The second function loads the YAML file and extracts it contents in a Python dictionary (dict) datatype. Part of this function is also to distinguish between compilation error and simulation error KIAS so that both can be separated into two different arrays or lists.
The third function uses the lists created by the second function to search and process the log files for the error message and append the KIAS information extracted from the YAML file.
Here is how the sample usage and YAML format look:
./kias_exec.py –infile kias.yaml –log debug –comp compile.log –sim sim.log
—<Start of Yaml Document identifier>
KID:001<KIAS ID number>
OWN:Ronak<Name of contact person who identified/worked on this issue>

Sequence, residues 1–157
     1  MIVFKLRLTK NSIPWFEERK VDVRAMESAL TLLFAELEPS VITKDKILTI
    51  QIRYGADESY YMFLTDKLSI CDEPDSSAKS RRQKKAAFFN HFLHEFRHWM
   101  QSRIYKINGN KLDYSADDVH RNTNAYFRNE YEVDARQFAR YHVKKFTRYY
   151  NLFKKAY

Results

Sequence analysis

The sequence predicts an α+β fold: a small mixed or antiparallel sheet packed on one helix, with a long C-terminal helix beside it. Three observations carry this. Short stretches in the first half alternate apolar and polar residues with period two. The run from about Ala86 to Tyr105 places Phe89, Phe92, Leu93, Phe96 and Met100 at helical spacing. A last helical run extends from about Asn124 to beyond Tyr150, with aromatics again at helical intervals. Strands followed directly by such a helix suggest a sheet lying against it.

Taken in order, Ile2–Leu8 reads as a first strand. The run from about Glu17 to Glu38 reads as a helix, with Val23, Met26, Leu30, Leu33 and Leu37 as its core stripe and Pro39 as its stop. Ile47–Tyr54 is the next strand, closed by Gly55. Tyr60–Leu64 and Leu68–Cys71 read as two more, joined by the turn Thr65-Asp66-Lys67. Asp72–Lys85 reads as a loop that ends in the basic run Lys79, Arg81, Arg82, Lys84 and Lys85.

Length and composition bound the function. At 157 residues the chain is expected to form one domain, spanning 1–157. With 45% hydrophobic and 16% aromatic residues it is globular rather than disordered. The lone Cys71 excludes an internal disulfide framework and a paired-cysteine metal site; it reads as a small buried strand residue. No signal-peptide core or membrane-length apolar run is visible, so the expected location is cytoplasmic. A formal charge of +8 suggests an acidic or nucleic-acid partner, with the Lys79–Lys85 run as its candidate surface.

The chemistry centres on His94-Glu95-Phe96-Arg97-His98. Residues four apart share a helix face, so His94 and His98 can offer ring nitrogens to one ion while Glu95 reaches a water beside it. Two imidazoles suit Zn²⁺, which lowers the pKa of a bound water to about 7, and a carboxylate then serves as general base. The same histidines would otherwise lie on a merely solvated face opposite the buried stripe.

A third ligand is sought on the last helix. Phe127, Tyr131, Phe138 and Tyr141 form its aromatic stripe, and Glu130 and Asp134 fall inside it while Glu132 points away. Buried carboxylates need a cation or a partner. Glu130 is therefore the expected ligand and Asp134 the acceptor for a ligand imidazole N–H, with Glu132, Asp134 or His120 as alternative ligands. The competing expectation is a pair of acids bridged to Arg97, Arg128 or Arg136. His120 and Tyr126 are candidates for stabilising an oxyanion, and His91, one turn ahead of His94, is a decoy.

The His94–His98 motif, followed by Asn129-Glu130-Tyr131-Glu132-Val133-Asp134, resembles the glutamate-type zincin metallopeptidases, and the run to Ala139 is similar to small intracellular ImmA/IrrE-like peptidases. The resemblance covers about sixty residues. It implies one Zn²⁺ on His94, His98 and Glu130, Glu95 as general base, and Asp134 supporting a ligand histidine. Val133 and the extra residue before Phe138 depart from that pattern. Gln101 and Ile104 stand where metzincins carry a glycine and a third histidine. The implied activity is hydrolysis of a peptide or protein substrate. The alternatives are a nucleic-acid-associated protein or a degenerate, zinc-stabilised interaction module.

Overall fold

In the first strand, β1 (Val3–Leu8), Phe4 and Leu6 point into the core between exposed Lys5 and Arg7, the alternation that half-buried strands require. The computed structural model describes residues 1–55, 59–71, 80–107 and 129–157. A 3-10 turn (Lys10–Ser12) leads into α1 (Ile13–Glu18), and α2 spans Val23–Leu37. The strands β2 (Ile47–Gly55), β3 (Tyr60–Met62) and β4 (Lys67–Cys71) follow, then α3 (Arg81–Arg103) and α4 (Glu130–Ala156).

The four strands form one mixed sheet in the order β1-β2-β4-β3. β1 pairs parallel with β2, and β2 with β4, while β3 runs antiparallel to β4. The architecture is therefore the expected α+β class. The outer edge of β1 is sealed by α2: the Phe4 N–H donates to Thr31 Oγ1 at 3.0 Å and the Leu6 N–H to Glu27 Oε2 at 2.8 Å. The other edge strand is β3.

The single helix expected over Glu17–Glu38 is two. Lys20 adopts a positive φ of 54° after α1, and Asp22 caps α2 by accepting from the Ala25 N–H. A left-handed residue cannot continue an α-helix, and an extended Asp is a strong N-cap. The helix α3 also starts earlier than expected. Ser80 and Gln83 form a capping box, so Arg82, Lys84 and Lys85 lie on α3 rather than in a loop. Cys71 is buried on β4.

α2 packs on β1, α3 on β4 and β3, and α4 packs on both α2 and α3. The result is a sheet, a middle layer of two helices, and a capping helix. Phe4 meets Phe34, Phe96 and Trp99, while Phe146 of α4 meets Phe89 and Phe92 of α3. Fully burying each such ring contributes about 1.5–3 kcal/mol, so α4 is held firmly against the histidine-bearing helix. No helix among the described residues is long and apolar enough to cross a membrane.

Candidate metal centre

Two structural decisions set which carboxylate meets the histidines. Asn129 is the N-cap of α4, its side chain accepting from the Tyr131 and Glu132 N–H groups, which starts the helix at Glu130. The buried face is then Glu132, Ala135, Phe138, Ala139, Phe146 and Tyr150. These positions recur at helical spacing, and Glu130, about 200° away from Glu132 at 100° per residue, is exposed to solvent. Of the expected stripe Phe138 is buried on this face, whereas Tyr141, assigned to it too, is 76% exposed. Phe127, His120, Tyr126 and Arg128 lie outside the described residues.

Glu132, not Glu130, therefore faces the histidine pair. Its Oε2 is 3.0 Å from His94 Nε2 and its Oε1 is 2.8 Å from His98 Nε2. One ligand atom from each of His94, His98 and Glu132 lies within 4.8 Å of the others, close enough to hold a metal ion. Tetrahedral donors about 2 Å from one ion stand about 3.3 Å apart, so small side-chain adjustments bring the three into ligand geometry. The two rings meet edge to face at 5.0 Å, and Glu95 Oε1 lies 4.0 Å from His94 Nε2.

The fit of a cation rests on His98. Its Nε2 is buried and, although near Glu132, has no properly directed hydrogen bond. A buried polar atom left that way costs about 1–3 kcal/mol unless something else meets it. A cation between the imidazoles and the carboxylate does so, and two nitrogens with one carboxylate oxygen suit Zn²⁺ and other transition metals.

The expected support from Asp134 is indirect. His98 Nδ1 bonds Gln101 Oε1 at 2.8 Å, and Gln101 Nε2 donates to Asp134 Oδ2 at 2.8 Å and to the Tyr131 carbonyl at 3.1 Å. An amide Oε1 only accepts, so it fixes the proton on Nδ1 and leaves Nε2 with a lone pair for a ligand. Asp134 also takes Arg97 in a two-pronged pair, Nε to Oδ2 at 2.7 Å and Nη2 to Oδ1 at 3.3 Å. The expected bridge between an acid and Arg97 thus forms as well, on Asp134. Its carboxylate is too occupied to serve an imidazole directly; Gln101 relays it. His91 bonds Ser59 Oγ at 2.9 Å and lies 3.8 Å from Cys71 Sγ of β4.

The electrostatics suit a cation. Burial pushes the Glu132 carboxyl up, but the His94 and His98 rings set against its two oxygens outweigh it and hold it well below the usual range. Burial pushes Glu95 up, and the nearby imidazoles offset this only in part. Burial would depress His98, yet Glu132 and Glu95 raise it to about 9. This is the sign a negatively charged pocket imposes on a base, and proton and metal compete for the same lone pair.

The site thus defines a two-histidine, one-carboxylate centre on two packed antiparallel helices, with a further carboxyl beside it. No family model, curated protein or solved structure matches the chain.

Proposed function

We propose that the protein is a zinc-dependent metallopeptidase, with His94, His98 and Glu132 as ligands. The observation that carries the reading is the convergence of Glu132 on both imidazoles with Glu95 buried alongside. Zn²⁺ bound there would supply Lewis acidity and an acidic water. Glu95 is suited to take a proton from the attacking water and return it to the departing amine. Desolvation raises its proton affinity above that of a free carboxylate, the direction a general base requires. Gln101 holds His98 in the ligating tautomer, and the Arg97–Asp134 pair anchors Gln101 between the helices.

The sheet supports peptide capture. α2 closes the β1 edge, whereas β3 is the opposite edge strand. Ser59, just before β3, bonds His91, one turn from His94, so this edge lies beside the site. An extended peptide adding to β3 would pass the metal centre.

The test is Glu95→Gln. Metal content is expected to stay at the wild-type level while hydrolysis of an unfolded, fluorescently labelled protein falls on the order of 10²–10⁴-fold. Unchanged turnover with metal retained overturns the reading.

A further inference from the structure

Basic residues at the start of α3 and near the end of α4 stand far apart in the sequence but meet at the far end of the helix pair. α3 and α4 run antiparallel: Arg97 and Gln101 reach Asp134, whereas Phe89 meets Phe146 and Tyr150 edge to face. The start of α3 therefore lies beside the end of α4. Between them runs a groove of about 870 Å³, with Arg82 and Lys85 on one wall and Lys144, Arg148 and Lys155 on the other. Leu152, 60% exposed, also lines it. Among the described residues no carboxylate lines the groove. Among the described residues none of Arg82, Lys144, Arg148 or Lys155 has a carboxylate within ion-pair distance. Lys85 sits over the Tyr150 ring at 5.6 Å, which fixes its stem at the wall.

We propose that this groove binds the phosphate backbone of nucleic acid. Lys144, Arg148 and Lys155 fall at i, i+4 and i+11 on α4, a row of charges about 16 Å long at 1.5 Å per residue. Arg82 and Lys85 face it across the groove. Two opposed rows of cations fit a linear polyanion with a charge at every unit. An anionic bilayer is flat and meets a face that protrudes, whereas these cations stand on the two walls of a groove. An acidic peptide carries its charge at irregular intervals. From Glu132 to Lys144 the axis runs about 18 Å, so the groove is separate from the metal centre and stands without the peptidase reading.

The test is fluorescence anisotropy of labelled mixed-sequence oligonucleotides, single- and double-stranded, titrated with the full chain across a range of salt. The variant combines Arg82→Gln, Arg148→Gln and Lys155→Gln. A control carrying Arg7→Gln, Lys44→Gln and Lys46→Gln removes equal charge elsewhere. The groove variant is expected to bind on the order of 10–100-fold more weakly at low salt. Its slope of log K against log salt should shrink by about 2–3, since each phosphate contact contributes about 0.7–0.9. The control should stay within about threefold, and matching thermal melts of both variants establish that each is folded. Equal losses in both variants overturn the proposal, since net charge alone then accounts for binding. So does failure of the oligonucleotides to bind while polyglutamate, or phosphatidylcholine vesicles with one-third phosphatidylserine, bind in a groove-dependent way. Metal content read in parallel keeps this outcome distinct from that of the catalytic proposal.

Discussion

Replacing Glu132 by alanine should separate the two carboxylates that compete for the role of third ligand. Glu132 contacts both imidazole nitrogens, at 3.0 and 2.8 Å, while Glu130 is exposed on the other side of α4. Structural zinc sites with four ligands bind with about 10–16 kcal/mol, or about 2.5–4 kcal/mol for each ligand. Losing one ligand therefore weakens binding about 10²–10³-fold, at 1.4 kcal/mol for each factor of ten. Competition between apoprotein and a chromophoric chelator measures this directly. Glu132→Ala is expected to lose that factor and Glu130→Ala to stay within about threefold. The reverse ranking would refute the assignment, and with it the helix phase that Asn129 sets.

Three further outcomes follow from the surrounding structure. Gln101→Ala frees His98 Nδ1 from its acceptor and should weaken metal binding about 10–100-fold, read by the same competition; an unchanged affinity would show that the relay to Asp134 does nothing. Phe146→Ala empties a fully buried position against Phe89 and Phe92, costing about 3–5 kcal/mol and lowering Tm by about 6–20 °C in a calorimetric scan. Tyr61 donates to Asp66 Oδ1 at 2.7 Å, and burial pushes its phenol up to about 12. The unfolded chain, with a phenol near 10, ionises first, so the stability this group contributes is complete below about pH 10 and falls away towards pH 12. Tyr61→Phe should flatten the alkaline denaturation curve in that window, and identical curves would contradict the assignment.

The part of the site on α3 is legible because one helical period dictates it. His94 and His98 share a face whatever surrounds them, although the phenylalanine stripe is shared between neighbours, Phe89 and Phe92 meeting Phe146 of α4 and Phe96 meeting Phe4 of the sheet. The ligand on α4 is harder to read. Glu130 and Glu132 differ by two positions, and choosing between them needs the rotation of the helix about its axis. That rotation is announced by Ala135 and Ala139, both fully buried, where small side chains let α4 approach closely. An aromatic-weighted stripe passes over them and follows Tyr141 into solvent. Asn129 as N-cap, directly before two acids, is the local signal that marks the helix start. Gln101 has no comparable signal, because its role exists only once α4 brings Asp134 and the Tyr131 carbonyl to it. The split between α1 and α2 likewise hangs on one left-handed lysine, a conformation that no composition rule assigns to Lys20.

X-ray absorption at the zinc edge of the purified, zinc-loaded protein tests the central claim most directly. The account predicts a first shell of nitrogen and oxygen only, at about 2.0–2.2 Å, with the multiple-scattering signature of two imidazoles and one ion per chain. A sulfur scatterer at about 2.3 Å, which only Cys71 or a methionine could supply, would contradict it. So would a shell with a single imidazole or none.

TYP:COM<Type of error, COM for compile time, SIM for simulation time>
ERR:RO period mismatch<Err msg which script should look for in the log file, more precise, the better>
RCA:RO period mismatches because clk period provided in testcase is not correct<Root Cause Analysis, why the error showed up, reason behind the issue>
SOL:|<Use when need to write multi-line info>
Provide proper clk period in test as per RTL/Waveform.
Check RTL for proper clock frequency. <Multi-line/single line message of what is the possible way to resolve this kind of issue or the exact solution found in this case>—
This article was originally published on EDN.
Ronak Dham and Sourabh Goyal work on the verification of FPGAs at Xilinx.